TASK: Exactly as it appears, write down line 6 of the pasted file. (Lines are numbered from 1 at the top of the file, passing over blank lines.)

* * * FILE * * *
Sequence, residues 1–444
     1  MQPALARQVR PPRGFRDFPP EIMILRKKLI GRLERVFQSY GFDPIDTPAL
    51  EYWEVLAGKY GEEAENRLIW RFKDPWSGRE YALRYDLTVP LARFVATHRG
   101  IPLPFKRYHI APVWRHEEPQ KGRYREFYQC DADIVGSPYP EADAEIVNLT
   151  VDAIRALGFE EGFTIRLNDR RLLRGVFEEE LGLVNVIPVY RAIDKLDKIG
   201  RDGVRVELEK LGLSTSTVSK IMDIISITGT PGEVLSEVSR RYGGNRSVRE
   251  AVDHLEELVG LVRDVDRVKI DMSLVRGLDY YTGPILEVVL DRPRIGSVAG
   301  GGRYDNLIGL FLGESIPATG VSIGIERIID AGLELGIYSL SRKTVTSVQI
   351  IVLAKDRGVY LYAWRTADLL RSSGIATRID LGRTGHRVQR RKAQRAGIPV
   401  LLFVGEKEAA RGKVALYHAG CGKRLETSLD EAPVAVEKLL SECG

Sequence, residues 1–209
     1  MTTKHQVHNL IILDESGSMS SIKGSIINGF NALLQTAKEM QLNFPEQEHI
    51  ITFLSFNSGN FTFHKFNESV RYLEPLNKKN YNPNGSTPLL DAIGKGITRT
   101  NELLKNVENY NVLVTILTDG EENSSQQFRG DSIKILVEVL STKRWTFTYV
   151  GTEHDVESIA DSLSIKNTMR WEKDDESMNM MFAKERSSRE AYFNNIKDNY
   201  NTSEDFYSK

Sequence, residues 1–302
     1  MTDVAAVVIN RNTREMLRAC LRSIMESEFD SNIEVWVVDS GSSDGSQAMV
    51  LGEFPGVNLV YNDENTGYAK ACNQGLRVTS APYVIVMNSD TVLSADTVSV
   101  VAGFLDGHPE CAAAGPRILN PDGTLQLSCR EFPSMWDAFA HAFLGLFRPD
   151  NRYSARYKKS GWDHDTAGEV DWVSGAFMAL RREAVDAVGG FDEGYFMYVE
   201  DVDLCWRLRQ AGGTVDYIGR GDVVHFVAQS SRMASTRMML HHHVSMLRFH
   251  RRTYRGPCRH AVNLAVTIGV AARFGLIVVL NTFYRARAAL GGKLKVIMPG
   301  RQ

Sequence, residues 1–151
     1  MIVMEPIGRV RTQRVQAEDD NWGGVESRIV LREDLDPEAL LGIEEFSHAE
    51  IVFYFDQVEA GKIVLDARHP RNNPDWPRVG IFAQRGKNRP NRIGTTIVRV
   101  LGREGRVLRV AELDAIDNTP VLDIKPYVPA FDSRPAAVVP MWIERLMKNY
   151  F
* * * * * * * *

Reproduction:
   201  RDGVRVELEK LGLSTSTVSK IMDIISITGT PGEVLSEVSR RYGGNRSVRE